For the second consecutive night, the Los Angeles Dodgers cruised to a lopsided victory over the rival San Francisco Giants at Dodger Stadium. The club tallied nine runs on 13 hits, receiving contributions from a multitude of players in the lineup.
Chris Taylor, filling in for the injured Corey Seager at shortstop, enjoyed his finest performance of the season against Giants left-hander Drew Pomeranz. He slugged two home runs on the night and additionally accumulated a team-high four RBI.
Also enjoying a memorable performance was Kyle Garlick, who mashed his first career MLB home run in the second inning. According to Statcast, the blast traveled an estimated 413 feet over the fence in center field at an exit velocity of 100 mph.
Garlick overall tallied two hits in three at-bats and improved his on-base plus slugging to an impressive .953 on the season. He was one of three Dodgers players to homer against the Giants pitching staff on Wednesday, joining Taylor and Cody Bellinger.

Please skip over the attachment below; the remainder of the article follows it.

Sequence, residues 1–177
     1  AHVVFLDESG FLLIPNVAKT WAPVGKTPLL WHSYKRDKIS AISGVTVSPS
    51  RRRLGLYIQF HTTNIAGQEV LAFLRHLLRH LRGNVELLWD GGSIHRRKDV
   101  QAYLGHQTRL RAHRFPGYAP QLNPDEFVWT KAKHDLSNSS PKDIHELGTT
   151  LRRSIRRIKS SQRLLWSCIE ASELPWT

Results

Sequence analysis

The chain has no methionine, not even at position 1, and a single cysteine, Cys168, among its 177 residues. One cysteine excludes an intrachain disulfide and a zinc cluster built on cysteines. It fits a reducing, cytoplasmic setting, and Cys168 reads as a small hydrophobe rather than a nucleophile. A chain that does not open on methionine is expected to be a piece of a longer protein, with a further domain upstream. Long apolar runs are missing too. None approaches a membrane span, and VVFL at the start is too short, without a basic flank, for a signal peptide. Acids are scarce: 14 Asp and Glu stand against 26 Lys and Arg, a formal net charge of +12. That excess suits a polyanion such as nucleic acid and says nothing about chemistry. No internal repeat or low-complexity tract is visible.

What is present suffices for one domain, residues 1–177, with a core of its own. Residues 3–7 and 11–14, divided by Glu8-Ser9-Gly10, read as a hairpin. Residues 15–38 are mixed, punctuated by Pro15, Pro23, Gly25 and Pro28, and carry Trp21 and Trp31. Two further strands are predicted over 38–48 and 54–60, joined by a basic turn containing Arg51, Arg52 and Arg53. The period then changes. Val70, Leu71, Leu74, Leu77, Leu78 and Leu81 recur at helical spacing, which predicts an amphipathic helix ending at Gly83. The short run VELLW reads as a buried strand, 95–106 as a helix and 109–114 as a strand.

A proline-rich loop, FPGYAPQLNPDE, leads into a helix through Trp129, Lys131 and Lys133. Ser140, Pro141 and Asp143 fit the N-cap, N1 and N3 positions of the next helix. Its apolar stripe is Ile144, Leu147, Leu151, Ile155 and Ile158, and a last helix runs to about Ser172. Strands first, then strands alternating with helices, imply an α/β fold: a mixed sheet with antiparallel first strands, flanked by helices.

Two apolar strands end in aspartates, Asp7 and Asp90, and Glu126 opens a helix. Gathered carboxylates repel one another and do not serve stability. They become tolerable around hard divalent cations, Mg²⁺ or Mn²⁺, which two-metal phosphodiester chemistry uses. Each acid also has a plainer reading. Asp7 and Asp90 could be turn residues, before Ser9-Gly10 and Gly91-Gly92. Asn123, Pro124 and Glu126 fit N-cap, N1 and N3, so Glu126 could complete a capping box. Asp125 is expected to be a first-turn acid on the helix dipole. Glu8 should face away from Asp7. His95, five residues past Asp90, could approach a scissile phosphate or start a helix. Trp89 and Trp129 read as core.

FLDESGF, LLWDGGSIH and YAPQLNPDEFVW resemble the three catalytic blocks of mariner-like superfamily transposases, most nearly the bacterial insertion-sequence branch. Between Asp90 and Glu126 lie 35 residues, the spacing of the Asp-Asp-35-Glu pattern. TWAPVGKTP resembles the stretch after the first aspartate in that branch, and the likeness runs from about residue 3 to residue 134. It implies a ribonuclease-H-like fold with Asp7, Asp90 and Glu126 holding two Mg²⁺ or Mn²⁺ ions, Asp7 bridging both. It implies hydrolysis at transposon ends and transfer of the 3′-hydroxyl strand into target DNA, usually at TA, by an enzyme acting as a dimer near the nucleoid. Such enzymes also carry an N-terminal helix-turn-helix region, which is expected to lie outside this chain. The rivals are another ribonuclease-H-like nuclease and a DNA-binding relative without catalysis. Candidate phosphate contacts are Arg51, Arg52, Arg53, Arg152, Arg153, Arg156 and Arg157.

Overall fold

Garlick was thrilled to finally hit his first home run all while helping the Dodgers to their Major League-leading 50th win of the season, via Michael Duarte of NBC L.A.:
“It was awesome. Being able to help the team produce some runs and being able to do it in front of my parents, it was a great experience.”
The 27-year-old had already received his home run ball and plans to give it to his father:
“I got the ball and I already handed it off for safekeeping. … It was amazing. I told him when I was in high school that I was going to give him my first hit. Being able to give him first hit and first home run is a special moment.”
The Dodgers fan who caught Garlick’s home run ball most famously snagged Justin Turner’s walk-off shot against the Chicago Cubs in Game 2 of the 2017 National League Division Series.
In order to obtain his first career home run ball, Garlick exchanged autographed memorabilia and took photos with the fan after the game.
Garlick became the fourth Dodgers player to hit his first career MLB home run this month, joining Walker Buehler, Will Smith and Matt Beaty.
Like Garlick, Smith had to work out an agreement with the fan who caught his ball. Though in that instance the required compensation was an autographed Bellinger bat, as the trade proved beneficial for both sides.